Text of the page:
Neither Male nor Female, But Always Jew or Greek

The politics of identity are taking up more and more oxygen.

The line separating gender and race in the social construction sweepstakes is becoming even wider and brighter as feminist philosophers are having to figure out what to do with one of their members, Rebecca Tuvel, a philosophy professor at Rhodes College, who in a peer reviewed journal argued that the arguments for transgenderism should extend to transracialism.


In 1992 justice Anthony Kennedy wrote on behalf of abortion rights that the sort of decision a woman faced was too personal and poignant for the state ever to interfere:

These matters, involving the most intimate and personal choices a person may make in a lifetime, choices central to personal dignity and autonomy, are central to the liberty protected by the Fourteenth Amendment. At the heart of liberty is the right to define one’s own concept of existence, of meaning, of the universe, and of the mystery of human life. Beliefs about these matters could not define the attributes of personhood were they formed under compulsion of the State.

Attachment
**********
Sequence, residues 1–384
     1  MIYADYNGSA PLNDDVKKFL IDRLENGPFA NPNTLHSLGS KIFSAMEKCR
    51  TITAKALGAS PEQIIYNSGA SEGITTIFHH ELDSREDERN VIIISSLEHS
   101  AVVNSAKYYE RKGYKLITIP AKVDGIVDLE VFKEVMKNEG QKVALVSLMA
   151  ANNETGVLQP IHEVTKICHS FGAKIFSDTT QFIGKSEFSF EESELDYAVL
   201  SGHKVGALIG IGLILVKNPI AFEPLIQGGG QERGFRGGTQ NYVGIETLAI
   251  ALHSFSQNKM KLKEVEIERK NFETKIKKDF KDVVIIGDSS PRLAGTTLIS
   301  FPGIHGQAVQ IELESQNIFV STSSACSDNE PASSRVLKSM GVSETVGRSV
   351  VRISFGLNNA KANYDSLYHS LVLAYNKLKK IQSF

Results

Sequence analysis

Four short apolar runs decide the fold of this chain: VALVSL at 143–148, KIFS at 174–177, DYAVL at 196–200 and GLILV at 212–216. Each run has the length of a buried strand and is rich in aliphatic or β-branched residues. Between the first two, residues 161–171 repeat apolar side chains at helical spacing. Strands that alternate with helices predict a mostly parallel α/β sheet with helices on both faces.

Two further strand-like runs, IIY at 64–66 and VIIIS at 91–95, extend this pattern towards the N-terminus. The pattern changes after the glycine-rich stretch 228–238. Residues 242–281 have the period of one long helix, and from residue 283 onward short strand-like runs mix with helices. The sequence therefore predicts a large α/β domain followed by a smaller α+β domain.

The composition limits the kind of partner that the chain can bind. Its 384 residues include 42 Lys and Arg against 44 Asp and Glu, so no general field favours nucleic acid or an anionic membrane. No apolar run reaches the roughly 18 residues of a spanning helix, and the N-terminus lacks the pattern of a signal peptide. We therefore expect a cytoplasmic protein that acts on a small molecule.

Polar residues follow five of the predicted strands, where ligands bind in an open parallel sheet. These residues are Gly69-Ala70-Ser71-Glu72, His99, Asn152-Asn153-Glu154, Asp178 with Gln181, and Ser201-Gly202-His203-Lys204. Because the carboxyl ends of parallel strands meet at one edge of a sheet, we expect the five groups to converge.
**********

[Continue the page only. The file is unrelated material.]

Current discussions and debates over transgender rights would appear to be an extension of this logic. Gender is a social construction, and someone’s sexual or gender identity is so personal that any one should have the freedom (protected right) to choose a different classification.

When it comes to race, however, the same freedoms to do not apply. That was clearly the outcome of the reaction that Rachel Dolezal received a few years ago. At the very same time that Caitlyn Jenner was receiving positive reviews for changing gender identities, Dolezal experienced widespread condemnation (and still does) for trying, as a white woman, to present as black.


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